Labor Day 2021
Art by Salma Arastu, My God is Near and He Listens
And I will make thy seed as the dust of the earth … –God
One day I went to the field which saw
the first meat sacrifice, and found there
a monument of raised and crusted swan,
a pillar of capture and swirl in honor
of the moment blood spilled into wine.
This was a field of wigwams and Cesar
Vallejo. Of “Just a minute,”
and “I’d rather you wouldn’t.”
I asked the field how it contends
with the interactions of starlight and cars.
I asked what it felt like when a tractor
rides through churning up ribcage and onions.
I asked what it feels like to melt.
I wondered what the field’s favorite labor was
and it said, “Gathering.”
To which I said, “But why so soon?”
Salma Arastu, What Favors of God You Deny
I invited a sad friend to visit the temple
and see the big blue pot of begonias behind
the hostas, painted ferns, and tall daylilies,
to smell the sweet, green leaves of the sumac
blessing the midday shadows and breezes.
My friend asked if I was talking of the temple
I’d toured when I was young in faraway Japan.
I said no, I mean the humble paradise I’ve made
of my backyard garden of roses and boxwood.
It’s hard labor, I said, but any garden can be
a living temple. Then if we must leave home,
the garden’s fragrant peace accompanies us.
My friend agreed. Yes, he said, he would visit
on Tuesday, and he’d bring his broken heart.
Salma Arastu, Indeed You Give in Abundance
The dent in my fingernail from where the hammer struck is moving, week by week, closer to being clipped. It used to take 36 stripes with the mower to clear the front yard; now it takes 32. I keep telling people the woods are trying to get inside our house, but I’m being dramatic. After all, the shrinking lawn is mostly due to my own laziness, my wish to see what the pokeweed looks like as the berries fill with ink. Still, Everest is rising 5 millimeters per year. It will eventually become unclimbable again — the bodies of the fallen preserved and carried into the speeding clouds.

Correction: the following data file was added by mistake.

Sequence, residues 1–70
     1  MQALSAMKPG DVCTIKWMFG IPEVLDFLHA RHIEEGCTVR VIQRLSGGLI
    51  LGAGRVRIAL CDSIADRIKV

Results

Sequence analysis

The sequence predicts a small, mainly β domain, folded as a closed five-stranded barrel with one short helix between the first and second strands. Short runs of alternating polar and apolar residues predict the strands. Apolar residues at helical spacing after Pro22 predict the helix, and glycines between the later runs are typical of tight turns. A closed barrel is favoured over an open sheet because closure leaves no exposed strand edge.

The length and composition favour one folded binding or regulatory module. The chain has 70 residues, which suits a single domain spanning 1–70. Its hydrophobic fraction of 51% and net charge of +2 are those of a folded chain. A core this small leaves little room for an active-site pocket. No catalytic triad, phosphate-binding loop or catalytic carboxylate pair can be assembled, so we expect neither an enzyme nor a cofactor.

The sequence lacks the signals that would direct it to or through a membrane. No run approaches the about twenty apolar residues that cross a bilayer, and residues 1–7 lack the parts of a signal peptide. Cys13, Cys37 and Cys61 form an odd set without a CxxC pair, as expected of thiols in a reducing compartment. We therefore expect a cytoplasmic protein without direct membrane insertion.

Salma Arastu, Increase Me in Knowledge
As Long As the Light Lasts
Howard carries breakfast’s leftover coffee in a glass jar to the work site,
drinks it with his lunch lukewarm. Erma drinks water, by season
frozen overnight or boiled for a thermos. They take apart buildings
for scrap, board by board, nail by nail—outbuildings on farms or small
houses in tiny towns, no place to pick up a Coke or sandwich if they
wanted to, which they don’t. Did I say they’ve been on Social Security
for seventeen years? They sell the windows or copper pipe, use
the rest to build storage sheds, miniature red barns. They knock off
work about four to sit out the heat of the day, or get home before dark
at the other end of the year. They are devotees of the public library.
Between extremes they garden after supper, as long as the light lasts.
[first published in The Hardy review, and forthcoming in Brown Restless Green, Finishing Line Press]
Salma Arastu, If You Remember Me, I Will Remember You
Clara Barton at Her Dressing Table
―June 5, 1889
In cotton chemise and underskirt, I sit
at my vanity and regard the old woman
in the oval mirror. Never mind the lines
crisscrossing my face; all that matters
is the work yet to do.
Still a full hour before I depart for Pennsylvania―
time enough to make myself presentable, finish packing
my hand luggage for the train trip from Washington
to Johnstown, a city overcome by flood
just five days past.
I’ve set aside my day skirt and waist in the wardrobe,
and draped my corset and cover over the wooden chair.
My tapestry bag readied―journal and cedar pencil,
handkerchief, fan, coins for tipping the porters.
Obligatory hat and gloves placed at the foot
of the boarding house bed; doubtless they’ll remain
on a bedpost or peg once I arrive.
If I were to lend credence to the astonishing headlines―
Town Is Wiped Entirely Off the Map; 12,000 to 15,000 dead!
Hundreds of Corpses Floating Down the Conemaugh; and
most horrific of the lot, Two Thousand Burn to Death
In the Wreck―I would be daunted by the task awaiting me.
Newsmen what they are, the actual numbers will likely
be less than half what’s in print. I straighten my spine
and take a long breath. After Antietam, I believe myself
equal to anything.
My long brown hair a shade darker now; I detect glints
of iron grey in the mirror. Still thick and fine, though, falling
in waves down my back. My “crowning glory,” mother would say.
Otherwise, the glass has verified throughout these 67 years
that I am plain, which suits my practical nature.
With the routine fifty brush strokes I begin the calculations
of supplies, quantities thereof, delivery method. . .
14, 15: coal tar, matches. . .21, 22: muslin, Borax. . .
35, 36: water, lumber. . . 49,50: a team of doctors, nurses.
A simple hair dressing this morning: I part my hair
with the wooden comb, straight down the center
into equal panels then begin plaiting the hair in back,
coil it into a bun. Quickly twist the sides into rope braids
and wind them back around.
One by one, I pick five hairpins from the old rouge pot;
weave them into the compact knot of hair, and with each pin,
list another item: soap, cook pots, blankets, clothing, linens.
A quick crimping around the part to shadow the roots, then
pat every last hair into place.
On an ordinary morning I would have run hair oil
through the length, taken the time to fashion English braids,
and secured the whole of it with a tortoise shell comb.
But this is not an ordinary morning.
A deep breath then before rising to dress: first opening
the corset lacings and wrapping it around my middle.
Fastening the busk, I stand taller than my five feet.
Reaching back, I snug the tie loops tight. Then once again,